Goodbye Google Universal Analytics
Mark your calendars: On July 1, Google’s Universal Analytics platform will be switching over to its new platform Google Analytics 4 (GA4) . This means the Universal Analytics’ site and data will cease to exist. However, many are still wondering why Google is doing this and the different takeaways GA4 has to offer.
GA4 and Privacy
In short, Google is updating its terms and privacy clause. They will be giving more privacy back to consumers, making it harder for Google Analytics developers to track specific types of data. To help consumers with spam prevention, GA4 strives for advertisers to comply with the General Data Protection Regulation (GDPR) and other data regulations. For instance, the new consent mode helps website owners obtain consent for both analytics and ads. Additionally, GA4 makes it easier to handle user data removal. With the new features and GA4 events, developers can get a more comprehensive view of how their consumers engage with their site across different devices and channels.
New Ways to Track Consumer Data
GA4 utilizes a user-based model and collects data in the form of events. Each event has a unique name that identifies it. These events may include page views, transactions, social interactions, and more. Developers should be able to get incredibly detailed metrics without infringing on privacy. With Universal Analytics, page views were the most critical metric. Now with GA4, essential metric measurements are events. Instead of seeing generalized data, a GA4 user can now better understand how their consumers interact with their application and website. GA4 also has an array of new metrics in events. These include engagement metrics such as engaged sessions, engagement rate and engagement time.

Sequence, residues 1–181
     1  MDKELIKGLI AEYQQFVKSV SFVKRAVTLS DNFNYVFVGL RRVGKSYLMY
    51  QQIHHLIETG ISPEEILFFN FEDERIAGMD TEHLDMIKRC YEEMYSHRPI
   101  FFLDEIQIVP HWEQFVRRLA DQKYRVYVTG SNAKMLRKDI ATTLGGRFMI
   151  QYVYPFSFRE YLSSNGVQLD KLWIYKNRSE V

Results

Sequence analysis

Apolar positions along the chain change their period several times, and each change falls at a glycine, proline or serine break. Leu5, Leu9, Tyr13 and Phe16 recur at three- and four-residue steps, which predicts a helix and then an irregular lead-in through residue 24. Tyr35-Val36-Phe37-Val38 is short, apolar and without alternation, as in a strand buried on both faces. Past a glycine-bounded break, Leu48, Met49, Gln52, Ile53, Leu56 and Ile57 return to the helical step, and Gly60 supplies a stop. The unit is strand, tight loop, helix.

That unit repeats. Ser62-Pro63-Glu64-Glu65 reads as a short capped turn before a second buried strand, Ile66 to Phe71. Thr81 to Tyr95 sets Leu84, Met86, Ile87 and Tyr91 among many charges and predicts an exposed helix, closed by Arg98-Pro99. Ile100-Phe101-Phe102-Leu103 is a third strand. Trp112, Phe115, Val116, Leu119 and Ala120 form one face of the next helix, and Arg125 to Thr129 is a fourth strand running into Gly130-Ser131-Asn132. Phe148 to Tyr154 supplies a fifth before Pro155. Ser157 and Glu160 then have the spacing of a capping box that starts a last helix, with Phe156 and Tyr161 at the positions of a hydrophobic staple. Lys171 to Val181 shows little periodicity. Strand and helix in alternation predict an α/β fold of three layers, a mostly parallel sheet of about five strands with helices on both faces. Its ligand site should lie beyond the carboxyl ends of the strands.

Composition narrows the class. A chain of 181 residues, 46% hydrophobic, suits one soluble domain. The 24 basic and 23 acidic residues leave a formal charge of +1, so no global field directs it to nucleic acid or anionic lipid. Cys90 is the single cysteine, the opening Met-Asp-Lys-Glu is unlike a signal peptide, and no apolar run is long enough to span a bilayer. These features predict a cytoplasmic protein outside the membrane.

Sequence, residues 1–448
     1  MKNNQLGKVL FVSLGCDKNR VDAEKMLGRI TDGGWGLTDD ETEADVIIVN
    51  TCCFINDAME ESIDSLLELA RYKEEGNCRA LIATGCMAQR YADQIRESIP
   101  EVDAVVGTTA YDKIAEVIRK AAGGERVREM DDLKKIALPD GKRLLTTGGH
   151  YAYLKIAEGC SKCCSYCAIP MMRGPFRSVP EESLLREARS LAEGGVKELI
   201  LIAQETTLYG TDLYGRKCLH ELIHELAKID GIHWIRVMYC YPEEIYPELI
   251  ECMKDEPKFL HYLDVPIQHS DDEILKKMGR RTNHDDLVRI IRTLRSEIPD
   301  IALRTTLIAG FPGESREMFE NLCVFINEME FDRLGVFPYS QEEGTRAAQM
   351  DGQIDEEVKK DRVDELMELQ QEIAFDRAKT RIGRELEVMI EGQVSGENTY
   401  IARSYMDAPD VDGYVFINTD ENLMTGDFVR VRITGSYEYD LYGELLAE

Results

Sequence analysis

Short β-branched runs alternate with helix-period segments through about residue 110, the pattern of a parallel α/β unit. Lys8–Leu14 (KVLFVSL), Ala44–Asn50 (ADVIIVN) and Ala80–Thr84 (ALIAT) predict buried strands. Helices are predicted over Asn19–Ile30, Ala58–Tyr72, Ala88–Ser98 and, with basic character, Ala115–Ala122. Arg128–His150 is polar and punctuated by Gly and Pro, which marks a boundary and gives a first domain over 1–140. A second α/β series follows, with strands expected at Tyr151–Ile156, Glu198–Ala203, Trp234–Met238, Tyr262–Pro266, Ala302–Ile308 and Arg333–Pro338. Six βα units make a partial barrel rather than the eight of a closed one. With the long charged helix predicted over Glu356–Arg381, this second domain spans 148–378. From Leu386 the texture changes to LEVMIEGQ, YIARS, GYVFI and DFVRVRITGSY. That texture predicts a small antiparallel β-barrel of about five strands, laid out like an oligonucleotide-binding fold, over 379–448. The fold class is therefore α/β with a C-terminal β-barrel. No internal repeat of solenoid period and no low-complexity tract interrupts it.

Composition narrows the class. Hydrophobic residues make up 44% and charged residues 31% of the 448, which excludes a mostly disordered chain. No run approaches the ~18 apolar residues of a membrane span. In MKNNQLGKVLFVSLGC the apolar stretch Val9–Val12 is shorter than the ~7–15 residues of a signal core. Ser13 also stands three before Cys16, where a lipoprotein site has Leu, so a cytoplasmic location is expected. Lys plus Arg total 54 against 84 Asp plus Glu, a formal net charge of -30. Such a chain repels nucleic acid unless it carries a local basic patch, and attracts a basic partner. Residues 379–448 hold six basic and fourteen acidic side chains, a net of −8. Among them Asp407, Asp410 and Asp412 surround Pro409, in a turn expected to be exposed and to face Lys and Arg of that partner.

What’s Left Out From Your GA4 Migration
There are other tools to keep in mind that GA4 doesn’t guide you to when handling events. For instance Data Retention. Data Retention controls event and user data collected by GA4. The data retention period is set to the default of two months, meaning the data collections for your website will only show two months’ worth. As well in GA4, you don’t have to wait 24 hours for data when setting up conversion events. To learn more about how to alter these default settings click here.
This post is courtesy of MMC Marketing Intern Andrea Miles.